With seventy percent of the planet underwater, you’ve got to dive in to truly see what the world has to offer. Since getting scuba certified, I’ve been obsessed with traveling to the best dive sites around the world.
The Silfra Fissure in Iceland is one of the most incredible dive sites you will ever see!
I was so impressed with snorkeling the Silfra Fissure on my first trip to Iceland back in 2014 that I knew I had to get a bit deeper, especially after finishing my Advanced PADI certification in Playa Del Carmen, Mexico earlier this year.
Here’s my experience diving the Silfra Fissure!
The Silfra Fissure is the space between the North American and Eurasian continental plates. This is actually the only place in the world where you can swim between two continental plates.
It is incredible geographically, and its water is crystal clear. In fact, it’s some of the clearest water anywhere. The underwater visibility in the Silfra Fissure is well over 100 meters.
That’s almost 330 feet!
The water is so clear here because it’s filtered through underground lava for up to 100 years before it fills up the fissure. This stuff is seriously better than bottled water.
What to Expect
Silfra Fissure isn’t for solo divers. You’ll need to book through one of the many companies that do diving excursions, and a guide will take you out. I did my dive with Arctic Adventures and loved it. These guys specialize in ecotourism and environmentally friendly trips all over Iceland.
They have very knowledgeable and fun guides.
The diving trips to Silfra Fissure last about 4-5 hours, including the pickup time. You can also meet the guides on location for a two-hour dive.
When you book a Silfra Fissure dive with Arctic Adventures, and most companies for that matter, a certified PADI diveguide or divemaster will guide you around the Silfra Fissure and show you the most beautiful spots.
The company provides all of the essential diving gear, including a special dry suit that is made for icy cold glacial water.
You’ll stay relatively dry and mostly comfortable.
Diving the Silfra Fissure
Before you go to Silfra Fissure, it’s essential to be certified in diving. If you recently got certified, or just aren’t feeling confident in the water yet, this can be a tough dive. Your first time in a dry suit is a little intimidating too.
Right after my trip in October 2016, new requirements to be able to dive in the National Park were set in places, and now divers must also be either dry suit certified or have proof of 10 logged dry suit dives (show their logbook or copy of their logged dives).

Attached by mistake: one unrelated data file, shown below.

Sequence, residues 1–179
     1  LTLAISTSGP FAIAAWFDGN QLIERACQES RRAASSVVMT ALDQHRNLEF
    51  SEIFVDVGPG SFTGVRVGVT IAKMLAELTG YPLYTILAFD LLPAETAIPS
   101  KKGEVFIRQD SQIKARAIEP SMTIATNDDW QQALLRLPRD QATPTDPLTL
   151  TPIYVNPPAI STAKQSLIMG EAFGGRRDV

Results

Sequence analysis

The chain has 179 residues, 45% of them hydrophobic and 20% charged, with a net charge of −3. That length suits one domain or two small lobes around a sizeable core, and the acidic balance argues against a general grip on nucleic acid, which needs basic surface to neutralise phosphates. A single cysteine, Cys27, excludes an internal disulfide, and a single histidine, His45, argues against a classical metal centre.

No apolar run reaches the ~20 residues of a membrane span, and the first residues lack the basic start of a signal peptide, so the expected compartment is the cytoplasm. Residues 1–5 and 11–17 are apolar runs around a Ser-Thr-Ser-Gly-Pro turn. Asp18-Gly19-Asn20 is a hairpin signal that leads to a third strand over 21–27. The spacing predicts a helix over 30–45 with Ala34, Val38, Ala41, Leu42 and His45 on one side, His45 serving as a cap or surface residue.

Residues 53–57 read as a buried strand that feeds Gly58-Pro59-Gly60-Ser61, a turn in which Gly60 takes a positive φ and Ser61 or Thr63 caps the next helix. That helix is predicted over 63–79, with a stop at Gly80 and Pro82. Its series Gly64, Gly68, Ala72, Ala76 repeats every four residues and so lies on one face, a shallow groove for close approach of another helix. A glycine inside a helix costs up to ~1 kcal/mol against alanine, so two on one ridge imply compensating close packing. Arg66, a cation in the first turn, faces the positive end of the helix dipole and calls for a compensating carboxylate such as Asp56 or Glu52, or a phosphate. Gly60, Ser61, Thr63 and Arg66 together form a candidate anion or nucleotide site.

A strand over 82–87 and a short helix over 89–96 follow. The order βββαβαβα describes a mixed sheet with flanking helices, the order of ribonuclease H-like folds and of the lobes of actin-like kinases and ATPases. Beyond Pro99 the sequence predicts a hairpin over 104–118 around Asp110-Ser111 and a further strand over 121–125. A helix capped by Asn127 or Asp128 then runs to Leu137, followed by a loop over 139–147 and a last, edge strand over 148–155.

These suits make everything feel different. The buoyancy when you are swimming in a dry suit in the Silfra Fissure is different from what you experience in the ocean in a wet suit.
I’ll be honest that it’s a bit disorienting to dive in a dry suit. Even advanced divers might find it difficult to find their buoyancy.
The good news is that this isn’t a deep dive, so a safety stop is not required. If you find yourself floating to the top, fear not! You can enjoy the view at any depth.
The water in the Silfra Fissure is intensely cold.
It’s nearly freezing (2 degrees Celsius / 35 degrees Fahrenheit to 4 degrees Celsius / 39 degrees Fahrenheit, depending on the time of year). While the dry suits help, it’s honestly pretty uncomfortable.
Don’t let that stop you though! Diving here is an awesome and exhilarating experience.
Other Helpful Tips
You may get wet. My dry suit had a small leak in the foot, but I didn’t even notice I was wet until I took the dry suit off after my dive.
When you are packing for the Silfra Fissure, forget about swimwear and cotton. Bring all things fleece and wool. Warm woolen socks are a must-have here. It’s also good to have a change of clothes just in case you do end up getting wet. Hand warmers aren’t a bad idea either!
My hands got REALLY cold while underwater. Before diving, the guides informed us that it’s best to keep your hands on your head out of the water or to not swim around with them. The movement pushes the warm water out of your neoprene gloves. If you’re planning on snapping photos, mentally prepare yourself!
I took along my GoPro and the 3-Way Mount on this dive for photos. However, if you plan on taking photos with your phone while diving, use protection. My LifeProof iPhone case was a serious lifesaver in Iceland between the snow, dirt and water we encountered in our adventures.
Tour: Deep Into the Blue
Company: Arctic Adventures
Cost: Starting at 39,990 ISK (approx. $370 USD)
Leave a comment
I love scuba diving but have only gone in warm water. My husband and I certified in a quarry where it was 50 degrees at the bottom. We vowed to never dive in cold water again. BUT this place sounds amazing. Maybe someday we will be more adventurous and try it out. Kudos to you for doing this dive!
I really want to dive this, but also really claustrophobic especially to weird things like feeling like I’m stuck in a tight shirt or can’t get a sports bra off. This is why I have put off getting my dry suit certification. Is it so tight around your neck that you feel like you can’t breathe and is this dive worth a potential panic attack (the panic attack would happen while getting the suit on, not under water)? I’ve heard it feels like loosens up a bit once you are in this water, true?
Hi Lindsey! I understand and that was one of my reservations before getting certified with PADI. Those are definitely things you’d want to bring up with the dive center and chat with them to see if it’s something you can work through. I talk a bit more about that here: https://theblondeabroad.com/getting-padi-diver-certified/